The marchers, including children in a well-known Camden drill team, walked several miles across the city to City Hall in 93-degree heat. Two marchers carried Skittles and iced tea to represent the items Martin bought before he encountered Zimmerman on Feb. 26, 2012.
Along the route, residents joined the march and cheered.
A 20-year-old Camden rapper known as Taz the Gifted said he stayed up until 3 a.m. Friday to write a song in Martin's memory that he performed.
Dubbed the Camden Awareness March Justice for Trayvon Martin, the gathering was intended to be part rally in opposition to the verdict and Florida's Stand Your Ground law, part healing, part reflection, and part remembrance.
A candlelight vigil for more than 100 victims of gun violence over the last 18 months was planned for Friday evening.
"We want to stop the violence in the city of Camden," said Gary Frazier, an activist and member of Camden Comeback, one of the community organizations behind the event. "At the end of the day, we're losing our children."
Cook said Martin's killing "causes us to look back on the individual lives we've lost here in the city. We have to come together to seek solutions for the situations that are plaguing our city."
In 2012, the city had 67 homicides, which brought it unwanted national attention. There have been 26 this year compared with 34 at this time last year.
Frazier is a City Council candidate; Cook is a mayoral candidate. But Frazier said the rally wasn't a political event.
Camden residents rallied on the same day that President Obama made his strongest and most personal statements about race in many years, and a day before 100 "Justice for Trayvon" vigils, organized by the National Action Network, are scheduled to take place nationwide.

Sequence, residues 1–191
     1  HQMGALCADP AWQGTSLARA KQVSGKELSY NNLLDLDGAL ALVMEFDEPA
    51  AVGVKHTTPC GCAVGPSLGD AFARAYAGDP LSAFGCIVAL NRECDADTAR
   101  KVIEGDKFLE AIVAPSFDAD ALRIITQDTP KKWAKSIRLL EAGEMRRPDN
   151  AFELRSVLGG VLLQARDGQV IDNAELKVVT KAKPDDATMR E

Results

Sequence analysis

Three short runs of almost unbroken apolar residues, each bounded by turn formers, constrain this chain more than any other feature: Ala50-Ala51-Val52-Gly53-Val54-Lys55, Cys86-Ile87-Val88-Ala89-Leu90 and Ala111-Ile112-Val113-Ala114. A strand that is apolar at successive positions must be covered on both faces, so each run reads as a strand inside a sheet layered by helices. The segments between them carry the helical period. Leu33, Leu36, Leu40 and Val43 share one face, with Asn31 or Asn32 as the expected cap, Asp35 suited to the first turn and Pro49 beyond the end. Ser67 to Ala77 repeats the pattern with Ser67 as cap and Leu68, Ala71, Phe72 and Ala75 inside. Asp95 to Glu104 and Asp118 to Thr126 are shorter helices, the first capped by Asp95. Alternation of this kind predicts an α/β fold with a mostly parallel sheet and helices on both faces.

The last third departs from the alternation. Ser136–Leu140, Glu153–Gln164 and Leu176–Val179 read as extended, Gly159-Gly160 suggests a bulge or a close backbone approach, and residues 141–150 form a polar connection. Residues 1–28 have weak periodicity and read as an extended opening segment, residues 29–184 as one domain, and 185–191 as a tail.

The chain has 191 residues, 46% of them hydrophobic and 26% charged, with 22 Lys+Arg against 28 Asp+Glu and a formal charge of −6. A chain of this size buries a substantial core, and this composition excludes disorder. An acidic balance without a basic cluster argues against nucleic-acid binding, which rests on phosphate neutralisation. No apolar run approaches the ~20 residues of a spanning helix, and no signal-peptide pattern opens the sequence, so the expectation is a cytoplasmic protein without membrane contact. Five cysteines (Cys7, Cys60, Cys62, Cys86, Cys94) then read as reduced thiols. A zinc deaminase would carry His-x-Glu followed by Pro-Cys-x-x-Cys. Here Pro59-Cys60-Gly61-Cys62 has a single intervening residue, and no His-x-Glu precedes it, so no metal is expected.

"You know, when Trayvon Martin was first shot, I said this could have been my son," Obama said. "Another way of saying that is Trayvon Martin could have been me 35 years ago."
He said: "And when you think about why, in the African American community at least, there is a lot of pain around what happened here, I think it's important to recognize that the African American community is looking at this issue through a set of experiences and a history that, that doesn't go away."
Mayor Dana L. Redd said she, like others, was "still in disbelief," but echoed the sentiments of Obama and Martin's parents.
"We need to unify, and really delve into finding peaceful solutions to prevent senseless acts of gun violence that are plaguing our neighborhoods," Redd said.
Camden County NAACP president Colandus "Kelly" Francis joined the call of the national NAACP and civil-rights groups for the Justice Department to file civil-rights charges against Zimmerman.
Attorney General Eric Holder this week confirmed that the department will resume its investigation. City officials said Council would consider a resolution next month in support of a federal investigation.
Francis said the Stand Your Ground laws, which allow someone who believes he or she is in danger to use deadly force, were "another form of lynching," with a firearm rather than a rope. The police chief of Sanford cited the law as the reason for not initially arresting Zimmerman.
Tawanda Jones, cofounder of the Sophisticated Sisters drill team, said that at her house, "everybody just bursted out into tears" on the day of the verdict.
The team, which Jones and her husband founded in 1986, has drawn national attention with TV appearances. Members marched to City Hall and performed at the rally.
"A lot of the little kids are asking why," she said of the verdict.
Contact Darran Simon at 856-779-382 or email@example.com, or follow on Twitter @darransimon.